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Henry Holt and Co.
ISBN: 9781627791755288 Pages
Barnes & Noble
A New Yorker contributor and architect recounts a year in the making—and unmaking—of one American home, showing how our houses can be better places: not bigger and costlier, but more meaningful and helpful.
When Thomas de Monchaux—trained as an architect, son and brother of architects—agreed to help a friend design a house for his father-in- law, he stumbled into a world of house-building. In this world, the conventions of the mortgage, homebuilding, and televised decoration industries have bloated and distorted our houses away from authenticity, comfort, thrift and heart: ever bigger boxes made of ticky-tacky, with, strangely, no space to put stuff and no place to go.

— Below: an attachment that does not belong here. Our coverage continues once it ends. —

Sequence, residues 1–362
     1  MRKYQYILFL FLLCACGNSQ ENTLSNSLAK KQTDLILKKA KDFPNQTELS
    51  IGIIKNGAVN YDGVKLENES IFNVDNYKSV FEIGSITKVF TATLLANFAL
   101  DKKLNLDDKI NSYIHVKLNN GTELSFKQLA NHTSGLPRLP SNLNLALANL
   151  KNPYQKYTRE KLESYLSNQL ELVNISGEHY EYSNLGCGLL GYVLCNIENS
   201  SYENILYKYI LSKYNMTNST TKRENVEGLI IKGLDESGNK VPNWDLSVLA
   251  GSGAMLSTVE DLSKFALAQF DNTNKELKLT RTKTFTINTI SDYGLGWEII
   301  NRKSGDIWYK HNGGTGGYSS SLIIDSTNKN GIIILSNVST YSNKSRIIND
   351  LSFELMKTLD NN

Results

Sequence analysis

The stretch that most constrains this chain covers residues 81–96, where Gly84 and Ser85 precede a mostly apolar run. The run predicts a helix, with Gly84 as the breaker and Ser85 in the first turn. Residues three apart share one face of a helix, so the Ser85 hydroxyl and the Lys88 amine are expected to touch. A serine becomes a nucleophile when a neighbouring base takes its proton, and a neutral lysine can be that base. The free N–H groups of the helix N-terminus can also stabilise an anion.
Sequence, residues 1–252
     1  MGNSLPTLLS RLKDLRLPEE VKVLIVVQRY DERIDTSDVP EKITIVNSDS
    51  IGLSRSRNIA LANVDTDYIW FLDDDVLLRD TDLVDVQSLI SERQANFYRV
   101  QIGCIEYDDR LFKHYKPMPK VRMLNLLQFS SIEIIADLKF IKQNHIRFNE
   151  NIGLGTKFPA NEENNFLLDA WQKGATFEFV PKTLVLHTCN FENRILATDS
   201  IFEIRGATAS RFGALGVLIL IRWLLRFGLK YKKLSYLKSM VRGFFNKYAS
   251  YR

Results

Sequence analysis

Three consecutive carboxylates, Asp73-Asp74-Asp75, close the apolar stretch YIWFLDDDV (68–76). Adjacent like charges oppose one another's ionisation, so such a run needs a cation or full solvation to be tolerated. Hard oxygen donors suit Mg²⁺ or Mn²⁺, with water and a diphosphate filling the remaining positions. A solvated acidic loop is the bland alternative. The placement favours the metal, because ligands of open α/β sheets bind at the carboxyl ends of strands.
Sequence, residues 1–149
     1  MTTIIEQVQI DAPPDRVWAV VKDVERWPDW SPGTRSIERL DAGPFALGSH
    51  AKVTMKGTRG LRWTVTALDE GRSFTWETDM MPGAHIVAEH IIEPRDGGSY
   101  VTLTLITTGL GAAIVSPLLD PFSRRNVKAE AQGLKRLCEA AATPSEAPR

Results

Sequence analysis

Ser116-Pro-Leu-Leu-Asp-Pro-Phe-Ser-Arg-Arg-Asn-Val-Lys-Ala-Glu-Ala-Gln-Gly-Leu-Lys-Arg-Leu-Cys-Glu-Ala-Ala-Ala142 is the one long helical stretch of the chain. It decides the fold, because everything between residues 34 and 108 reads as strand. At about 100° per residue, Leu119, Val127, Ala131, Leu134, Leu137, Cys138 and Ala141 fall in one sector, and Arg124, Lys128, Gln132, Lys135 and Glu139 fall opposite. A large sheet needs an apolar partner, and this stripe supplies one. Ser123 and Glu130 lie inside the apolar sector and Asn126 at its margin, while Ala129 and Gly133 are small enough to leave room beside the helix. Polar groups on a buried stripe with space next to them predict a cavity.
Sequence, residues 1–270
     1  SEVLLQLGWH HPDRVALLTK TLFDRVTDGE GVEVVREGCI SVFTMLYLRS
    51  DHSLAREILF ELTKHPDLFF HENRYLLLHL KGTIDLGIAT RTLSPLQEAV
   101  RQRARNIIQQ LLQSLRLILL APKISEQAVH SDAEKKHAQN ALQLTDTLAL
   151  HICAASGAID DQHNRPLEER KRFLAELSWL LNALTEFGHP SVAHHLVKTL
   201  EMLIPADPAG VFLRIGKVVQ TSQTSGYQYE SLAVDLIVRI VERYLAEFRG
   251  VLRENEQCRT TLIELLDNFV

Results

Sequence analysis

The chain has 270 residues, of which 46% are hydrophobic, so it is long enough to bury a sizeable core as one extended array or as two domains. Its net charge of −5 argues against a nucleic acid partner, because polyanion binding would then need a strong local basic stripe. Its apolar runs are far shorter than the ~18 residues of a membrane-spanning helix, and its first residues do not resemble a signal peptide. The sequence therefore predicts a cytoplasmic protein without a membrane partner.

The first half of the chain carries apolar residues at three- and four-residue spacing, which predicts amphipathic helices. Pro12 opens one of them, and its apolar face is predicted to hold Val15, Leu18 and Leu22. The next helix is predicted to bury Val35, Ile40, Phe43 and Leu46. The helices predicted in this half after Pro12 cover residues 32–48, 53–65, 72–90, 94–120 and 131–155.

After the pair's first plans for a perfect house on a hillside half-acre of rural Michigan are thrown out for not conforming to the rules of the local homeowners' association, they go back to the drawing board. Nine more times. And then they go astray. Slow House uses each of these nine designs to illuminate a different lesson about why our houses are too fast, and how—with grace, humor, and insight—we can make our homes slower.
Just as a new consciousness has dawned about how the food we eat changes our bodies and reaches our kitchen table, Slow House brings that awareness to the kitchen table itself, to the kitchen, to its walls and windows, and all the ancient values of shelter.